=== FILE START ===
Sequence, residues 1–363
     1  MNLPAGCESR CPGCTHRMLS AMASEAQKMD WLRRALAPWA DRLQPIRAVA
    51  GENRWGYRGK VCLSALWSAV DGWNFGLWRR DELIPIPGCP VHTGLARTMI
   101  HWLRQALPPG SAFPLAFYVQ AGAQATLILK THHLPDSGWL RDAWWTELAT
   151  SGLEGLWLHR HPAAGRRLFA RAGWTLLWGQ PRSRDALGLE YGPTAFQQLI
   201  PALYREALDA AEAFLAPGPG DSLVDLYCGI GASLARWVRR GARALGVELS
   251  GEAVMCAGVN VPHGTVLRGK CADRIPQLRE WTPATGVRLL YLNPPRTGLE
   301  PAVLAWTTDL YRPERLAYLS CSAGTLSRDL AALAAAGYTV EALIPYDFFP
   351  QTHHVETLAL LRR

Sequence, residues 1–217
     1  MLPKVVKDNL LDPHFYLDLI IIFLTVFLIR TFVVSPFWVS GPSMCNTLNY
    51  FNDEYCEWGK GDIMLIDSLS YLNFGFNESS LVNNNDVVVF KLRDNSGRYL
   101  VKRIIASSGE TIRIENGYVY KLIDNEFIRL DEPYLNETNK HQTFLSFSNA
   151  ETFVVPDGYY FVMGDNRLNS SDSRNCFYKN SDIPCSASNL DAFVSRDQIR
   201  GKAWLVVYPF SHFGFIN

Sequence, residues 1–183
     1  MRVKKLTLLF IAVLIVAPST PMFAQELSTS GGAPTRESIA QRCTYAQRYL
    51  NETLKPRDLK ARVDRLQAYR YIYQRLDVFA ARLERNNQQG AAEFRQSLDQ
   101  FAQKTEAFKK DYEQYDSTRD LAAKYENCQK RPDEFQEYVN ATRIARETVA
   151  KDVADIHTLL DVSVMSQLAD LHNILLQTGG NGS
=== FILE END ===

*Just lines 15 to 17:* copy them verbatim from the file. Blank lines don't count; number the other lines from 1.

   201  GKAWLVVYPF SHFGFIN

Sequence, residues 1–183
     1  MRVKKLTLLF IAVLIVAPST PMFAQELSTS GGAPTRESIA QRCTYAQRYL